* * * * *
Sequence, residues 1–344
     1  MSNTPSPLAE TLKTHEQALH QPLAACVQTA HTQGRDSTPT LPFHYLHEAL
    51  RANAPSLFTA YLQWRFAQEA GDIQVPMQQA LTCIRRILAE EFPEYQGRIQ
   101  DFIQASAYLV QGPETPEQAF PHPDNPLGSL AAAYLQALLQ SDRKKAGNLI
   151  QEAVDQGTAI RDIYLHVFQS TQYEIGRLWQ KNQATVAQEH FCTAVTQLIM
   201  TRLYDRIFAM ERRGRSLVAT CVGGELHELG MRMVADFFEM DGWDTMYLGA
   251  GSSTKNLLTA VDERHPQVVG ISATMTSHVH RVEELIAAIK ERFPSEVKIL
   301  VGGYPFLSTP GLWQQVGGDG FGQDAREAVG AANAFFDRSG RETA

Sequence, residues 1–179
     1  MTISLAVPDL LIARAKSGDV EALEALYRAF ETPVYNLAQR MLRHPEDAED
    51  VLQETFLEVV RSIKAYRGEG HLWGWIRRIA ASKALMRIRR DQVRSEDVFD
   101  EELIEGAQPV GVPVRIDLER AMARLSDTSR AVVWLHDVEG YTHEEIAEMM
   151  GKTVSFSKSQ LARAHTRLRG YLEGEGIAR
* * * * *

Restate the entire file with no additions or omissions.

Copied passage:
Sequence, residues 1–344
     1  MSNTPSPLAE TLKTHEQALH QPLAACVQTA HTQGRDSTPT LPFHYLHEAL
    51  RANAPSLFTA YLQWRFAQEA GDIQVPMQQA LTCIRRILAE EFPEYQGRIQ
   101  DFIQASAYLV QGPETPEQAF PHPDNPLGSL AAAYLQALLQ SDRKKAGNLI
   151  QEAVDQGTAI RDIYLHVFQS TQYEIGRLWQ KNQATVAQEH FCTAVTQLIM
   201  TRLYDRIFAM ERRGRSLVAT CVGGELHELG MRMVADFFEM DGWDTMYLGA
   251  GSSTKNLLTA VDERHPQVVG ISATMTSHVH RVEELIAAIK ERFPSEVKIL
   301  VGGYPFLSTP GLWQQVGGDG FGQDAREAVG AANAFFDRSG RETA

Sequence, residues 1–179
     1  MTISLAVPDL LIARAKSGDV EALEALYRAF ETPVYNLAQR MLRHPEDAED
    51  VLQETFLEVV RSIKAYRGEG HLWGWIRRIA ASKALMRIRR DQVRSEDVFD
   101  EELIEGAQPV GVPVRIDLER AMARLSDTSR AVVWLHDVEG YTHEEIAEMM
   151  GKTVSFSKSQ LARAHTRLRG YLEGEGIAR